2. 2. 4. INFRASTRUCTURE COSTS AND CONGESTION 4.1 Why do infrastructure and congestion costs matter? Building and maintaining infrastructure entails costs. This raises the question of how these costs should be recuperated from the infrastructure users. Many of the charges that are currently used are not or, are only partly related to the actual costs of providing or using the infrastructure. Clearly, there is an important link between congestion and infrastructure costs, because congestion implies that infrastructure is used beyond the designed capacity (i.e. there is infrastructure scarcity). Congestion in infrastructure networks is increasing strongly in the Union. Congestion implies that transport decisions made by one user impinge on all other users of the network. For example, in some cases of congestion a car driver losing 10 minutes of her or his own time, imposes total time losses of 45 minutes on other road users. Since transport users only take their own losses into account they underestimate the full costs of their decisions. As a result, demand for transport in congested situations is too high. The introduction of a charge to bridge the gap between private and total costs could, therefore, generate significant benefits. By reducing the traffic volume, the imposition of a charge increases traffic speeds. This represents a net benefit for society. 4.2 Measuring and charging for infrastructure costs 4.2.1 What are infrastructure costs? In evaluating infrastructure cost it is essential to make a distinction between: (i) capital costs : Road, rail and inland waterway networks, as well as port and airport installations, represent important assets. The provision of these assets implies real costs. Clearly, the capital invested in the provision of a transport infrastructure gives rise to a fixed cost that bears no relationship to the actual use of the infrastructure. The capital value of the transport infrastructure increases over time with additions made by new investments. It is important to distinguish annual investments (expenditure) from annual capital costs: these are very different concepts and there is no reason to make users pay annually for the investment costs that were incurred in a particular year (see Graph 4.1). However, measuring the asset value of the network requires detailed information on parameters such as the replacement value of the infrastructure. Evaluations on road capital costs are presently only available for a number of countries, such as Germany, Austria, the UK and Finland. For other Member States, only annual outlays are calculated. More information needs to be collected, preferably on a harmonised basis, allowing cross-country comparisons to be made. (ii) operating and maintenance cost. Examples of these types of costs are: - the (annual) maintenance expenditure for roads; - the expenditure for dredging a canal or a harbour. Some of the operating costs vary with transport volumes, but other factors, such as weather conditions also play a role. For example, the pavement of a road is damaged by the axle weight of the vehicles travelling on it but also by temperature variations, rain, snow and excessive heat. 10
  3. 3. Data on operating and maintenance costs are generally available, although no harmonised approach for measuring these costs exists at the level of the Union. T o ta l C o s t s U K 1 0 8 6 0 m i l l i o n U K £ Graphs 4.1 show the allocation of Policing and annual road expenditure in the UK traffic wardens and an illustrative breakdown of 4% road costs as calculated in a recent Maintenance study. 30% Interest on Source: David Newbery (1995) Capital value 66% In addition, the construction of infrastructure often has major land- use implications. It can lead to a T o ta l E x p e n d i t u r e U K 6 7 2 0 m i l l i o n U K £ disturbance of eco-systems and Policing and might create so-called barrier traffic wardens effects. The associated costs are 6% not well understood, but could be Capital expenditure significant (UK Royal Commission 43% Maintenance on Environmental Pollution) and 48% should, amongst others, be taken into account in the design stage. Graph 4.1 4.2.2 How should we charge for infrastructure costs Infrastructure cost charging should ideally meet three criteria: - The system should link charges as much as possible to actual costs (i.e. marginal cost pricing) at the level of the individual user: Marginal cost pricing is important for the efficiency of the transport system since it gives individual users an incentive to reduce the underlying costs because cost savings are rewarded by lower charges. For example, traffic induced road wear and tear can be taxed relatively easily and efficiently by charging trucks on the basis of their axle weights (which determine the damaging power -see below) and their mileages. Such a system gives hauliers an incentive to use configurations with lower axle weights, to reduce empty runs or, in some cases to use combined transport. - In total, infrastructure charges should recover aggregate infrastructure costs: If significant parts of total costs are not use dependent - as is the case with capital costs - then marginal cost pricing alone will not lead to full cost recovery. Cost recovery is, however, important for a number of reasons. First, private owners of infrastructure have to recover costs. Privately owned ports, airports and toll-roads have all developed pricing schemes that relate charges to other parameters (e.g. access, landing rights, slots etc.) to recover full costs. Secondly, in the absence of full cost recovery in the transport sector as a whole, the general budget would have to fund the sector by imposing taxes/charges elsewhere. It is generally felt that, although for reasons of economic efficiency marginal 11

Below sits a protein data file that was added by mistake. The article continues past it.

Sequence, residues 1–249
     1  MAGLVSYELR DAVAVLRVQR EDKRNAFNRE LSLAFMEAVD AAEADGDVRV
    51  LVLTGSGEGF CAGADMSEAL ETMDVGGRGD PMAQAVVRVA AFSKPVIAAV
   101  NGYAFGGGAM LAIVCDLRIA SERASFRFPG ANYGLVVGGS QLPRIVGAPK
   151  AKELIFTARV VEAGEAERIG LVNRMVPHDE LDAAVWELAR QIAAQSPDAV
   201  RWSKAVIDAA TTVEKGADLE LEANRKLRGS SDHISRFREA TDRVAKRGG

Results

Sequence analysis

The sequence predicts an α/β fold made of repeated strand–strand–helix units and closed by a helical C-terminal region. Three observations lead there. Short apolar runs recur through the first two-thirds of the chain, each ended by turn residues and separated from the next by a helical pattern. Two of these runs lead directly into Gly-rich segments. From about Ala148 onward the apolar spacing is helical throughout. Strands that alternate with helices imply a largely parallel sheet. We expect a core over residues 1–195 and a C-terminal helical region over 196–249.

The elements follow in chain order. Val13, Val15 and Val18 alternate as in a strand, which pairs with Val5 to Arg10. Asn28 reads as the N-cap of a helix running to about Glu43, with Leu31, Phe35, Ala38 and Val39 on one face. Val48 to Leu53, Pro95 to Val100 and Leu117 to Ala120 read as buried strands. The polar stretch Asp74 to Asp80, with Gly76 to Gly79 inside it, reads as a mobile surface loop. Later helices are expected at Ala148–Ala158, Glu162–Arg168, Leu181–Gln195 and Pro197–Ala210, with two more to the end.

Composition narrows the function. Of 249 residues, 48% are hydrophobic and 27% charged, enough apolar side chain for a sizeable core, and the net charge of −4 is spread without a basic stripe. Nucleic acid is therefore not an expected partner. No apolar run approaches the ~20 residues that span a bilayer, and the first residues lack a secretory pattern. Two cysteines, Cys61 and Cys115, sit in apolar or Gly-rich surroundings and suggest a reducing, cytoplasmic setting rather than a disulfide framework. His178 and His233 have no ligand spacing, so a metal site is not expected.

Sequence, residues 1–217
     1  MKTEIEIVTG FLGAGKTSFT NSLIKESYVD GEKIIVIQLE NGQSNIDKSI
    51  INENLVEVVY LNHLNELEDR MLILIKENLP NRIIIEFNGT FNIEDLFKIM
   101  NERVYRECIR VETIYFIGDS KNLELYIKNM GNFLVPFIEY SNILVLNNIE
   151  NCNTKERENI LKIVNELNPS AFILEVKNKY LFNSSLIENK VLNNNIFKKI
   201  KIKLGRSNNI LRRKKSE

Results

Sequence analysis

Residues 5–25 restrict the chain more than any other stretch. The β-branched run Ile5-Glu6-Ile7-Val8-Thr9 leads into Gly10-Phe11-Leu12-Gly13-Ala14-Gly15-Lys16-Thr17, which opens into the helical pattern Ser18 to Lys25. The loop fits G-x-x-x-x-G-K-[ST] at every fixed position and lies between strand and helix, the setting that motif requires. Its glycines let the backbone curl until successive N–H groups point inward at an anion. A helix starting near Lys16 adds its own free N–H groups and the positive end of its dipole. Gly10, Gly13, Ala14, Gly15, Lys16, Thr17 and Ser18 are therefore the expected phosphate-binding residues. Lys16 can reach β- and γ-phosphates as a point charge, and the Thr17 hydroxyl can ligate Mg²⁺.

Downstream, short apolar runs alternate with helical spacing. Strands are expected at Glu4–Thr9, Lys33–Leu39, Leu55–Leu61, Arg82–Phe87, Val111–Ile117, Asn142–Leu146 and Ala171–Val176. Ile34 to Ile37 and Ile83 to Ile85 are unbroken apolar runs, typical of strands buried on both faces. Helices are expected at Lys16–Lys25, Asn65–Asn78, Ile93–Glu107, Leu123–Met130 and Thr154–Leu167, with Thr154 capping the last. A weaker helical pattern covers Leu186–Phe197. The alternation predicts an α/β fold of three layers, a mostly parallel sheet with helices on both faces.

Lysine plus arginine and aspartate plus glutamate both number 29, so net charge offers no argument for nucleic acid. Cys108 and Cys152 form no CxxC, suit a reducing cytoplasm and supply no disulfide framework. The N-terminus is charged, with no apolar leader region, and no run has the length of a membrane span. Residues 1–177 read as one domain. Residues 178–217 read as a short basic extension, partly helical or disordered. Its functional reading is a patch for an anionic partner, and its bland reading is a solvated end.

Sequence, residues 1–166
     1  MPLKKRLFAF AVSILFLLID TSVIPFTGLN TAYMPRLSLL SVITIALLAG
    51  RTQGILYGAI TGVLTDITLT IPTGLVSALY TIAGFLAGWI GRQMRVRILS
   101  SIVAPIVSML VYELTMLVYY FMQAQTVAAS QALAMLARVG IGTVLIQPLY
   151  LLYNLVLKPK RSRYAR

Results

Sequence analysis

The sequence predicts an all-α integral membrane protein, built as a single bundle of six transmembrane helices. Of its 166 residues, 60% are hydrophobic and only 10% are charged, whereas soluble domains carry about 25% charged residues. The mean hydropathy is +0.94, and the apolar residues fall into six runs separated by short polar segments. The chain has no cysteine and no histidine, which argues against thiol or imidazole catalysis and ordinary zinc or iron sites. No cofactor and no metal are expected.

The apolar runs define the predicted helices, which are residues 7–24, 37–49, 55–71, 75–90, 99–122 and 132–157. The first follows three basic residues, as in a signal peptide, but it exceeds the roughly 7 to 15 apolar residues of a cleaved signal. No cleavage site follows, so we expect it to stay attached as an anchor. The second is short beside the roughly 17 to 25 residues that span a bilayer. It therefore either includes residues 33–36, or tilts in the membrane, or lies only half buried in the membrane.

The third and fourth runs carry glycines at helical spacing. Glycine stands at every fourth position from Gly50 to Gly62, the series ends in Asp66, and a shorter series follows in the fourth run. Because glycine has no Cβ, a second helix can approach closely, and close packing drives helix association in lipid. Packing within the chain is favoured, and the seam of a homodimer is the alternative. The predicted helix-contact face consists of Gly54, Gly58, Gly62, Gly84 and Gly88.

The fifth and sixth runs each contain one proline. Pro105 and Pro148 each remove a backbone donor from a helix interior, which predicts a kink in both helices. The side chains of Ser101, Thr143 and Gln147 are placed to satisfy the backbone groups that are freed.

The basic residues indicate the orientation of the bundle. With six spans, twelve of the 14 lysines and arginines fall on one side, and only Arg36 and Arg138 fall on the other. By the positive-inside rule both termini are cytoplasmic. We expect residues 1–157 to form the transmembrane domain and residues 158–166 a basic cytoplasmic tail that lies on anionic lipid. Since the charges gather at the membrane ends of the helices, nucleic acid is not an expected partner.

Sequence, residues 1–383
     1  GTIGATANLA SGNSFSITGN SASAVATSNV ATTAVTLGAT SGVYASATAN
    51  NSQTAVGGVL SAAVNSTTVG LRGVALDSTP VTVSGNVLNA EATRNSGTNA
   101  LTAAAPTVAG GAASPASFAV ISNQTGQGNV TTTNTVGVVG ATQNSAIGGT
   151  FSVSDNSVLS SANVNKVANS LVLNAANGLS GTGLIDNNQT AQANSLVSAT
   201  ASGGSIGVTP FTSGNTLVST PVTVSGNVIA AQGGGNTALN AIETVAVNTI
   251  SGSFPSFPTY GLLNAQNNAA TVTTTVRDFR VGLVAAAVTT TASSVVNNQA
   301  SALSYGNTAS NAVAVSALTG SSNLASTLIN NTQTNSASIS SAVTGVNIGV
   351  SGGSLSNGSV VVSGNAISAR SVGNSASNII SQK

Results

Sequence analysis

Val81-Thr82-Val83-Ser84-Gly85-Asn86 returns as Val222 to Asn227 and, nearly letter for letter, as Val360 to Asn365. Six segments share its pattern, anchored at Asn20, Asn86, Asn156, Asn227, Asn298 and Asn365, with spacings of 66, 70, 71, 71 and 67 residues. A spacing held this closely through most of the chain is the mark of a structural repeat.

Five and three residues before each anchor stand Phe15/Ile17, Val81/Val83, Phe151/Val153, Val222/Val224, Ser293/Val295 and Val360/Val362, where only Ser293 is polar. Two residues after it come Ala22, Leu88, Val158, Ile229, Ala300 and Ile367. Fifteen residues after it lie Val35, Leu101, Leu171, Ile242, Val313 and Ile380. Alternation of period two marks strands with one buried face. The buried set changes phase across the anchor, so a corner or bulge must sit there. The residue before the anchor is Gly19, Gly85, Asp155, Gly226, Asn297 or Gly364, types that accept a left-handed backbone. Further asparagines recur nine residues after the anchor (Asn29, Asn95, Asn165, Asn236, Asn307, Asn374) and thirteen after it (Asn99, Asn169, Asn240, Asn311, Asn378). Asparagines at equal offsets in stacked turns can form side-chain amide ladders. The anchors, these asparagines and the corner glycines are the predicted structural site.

4. 4. - In total, infrastructure charges should recover aggregate infrastructure costs: If significant parts of total costs are not use dependent - as is the case with capital costs - then marginal cost pricing alone will not lead to full cost recovery. Cost recovery is, however, important for a number of reasons. First, private owners of infrastructure have to recover costs. Privately owned ports, airports and toll-roads have all developed pricing schemes that relate charges to other parameters (e.g. access, landing rights, slots etc.) to recover full costs. Secondly, in the absence of full cost recovery in the transport sector as a whole, the general budget would have to fund the sector by imposing taxes/charges elsewhere. It is generally felt that, although for reasons of economic efficiency marginal cost pricing has major advantages, large transfers between sectors are undesirable. Therefore, in principle, total infrastructure costs should be recovered in the long run. A number of considerations have to be kept in mind when implementing the cost recovery criterion. First, it is quite common and perfectly legitimate to invest in infrastructure for non-transport related policy reasons, such as regional balance. It seems unreasonable to require transport users to cover the infrastructure cost imposed on these grounds. This highlights the need for a clear system of accounting. Secondly, past decisions on infrastructure projects that no longer meet present day transport demands have, in some cases, generated high costs which cannot be recovered by users. This kind of infrastructure has to be given special treatment. - Transparency: The system of charging for infrastructure costs should be clear to citizens and businesses. 4.3 Congestion costs: nature, size and charging Congestion is a waste of time. It arises when infrastructure networks carry more transport users than their design capacity. In such a situation every user incurs delays and imposes delays on others. These delays represent economic losses because people value time and, in addition, energy use increases with delays. Delays increase more than proportionally as more users enter the network until traffic comes to a standstill. This is why, in congested networks, a small reduction in traffic levels can significantly speed up flows. Congestion deals with infrastructure scarcity through queuing (i.e. quantity rationing): everybody gets stuck in a traffic jam and incurs time losses whilst imposing further delays on others. When making transport choices, every individual transport user only takes his or her own time (and other) costs into account, ignoring those imposed on others. As everybody does the same, there is too much traffic and all infrastructure users waste time. Although, in the resulting situation all infrastructure users put together pay for the total time costs, there is still an externality and an ensuing wastage of scarce resources (time, energy). This results from the fact that there is a quot;market failurequot; because, as stated above, an individual infrastructure user does not compare the private benefits of his/her decision with the total costs this decision imposes on society as a whole (the so-called marginal social costs). A price based solution to infrastructure scarcity corrects this quot;market failurequot; by ensuring that prices paid by individuals reflect the full costs of transport choices to all other infrastructure users. The result is that trips which carry higher costs than benefits are avoided. The ensuing reduction in transport volumes leads to higher travel speeds and time savings, which represent a benefit to all. 12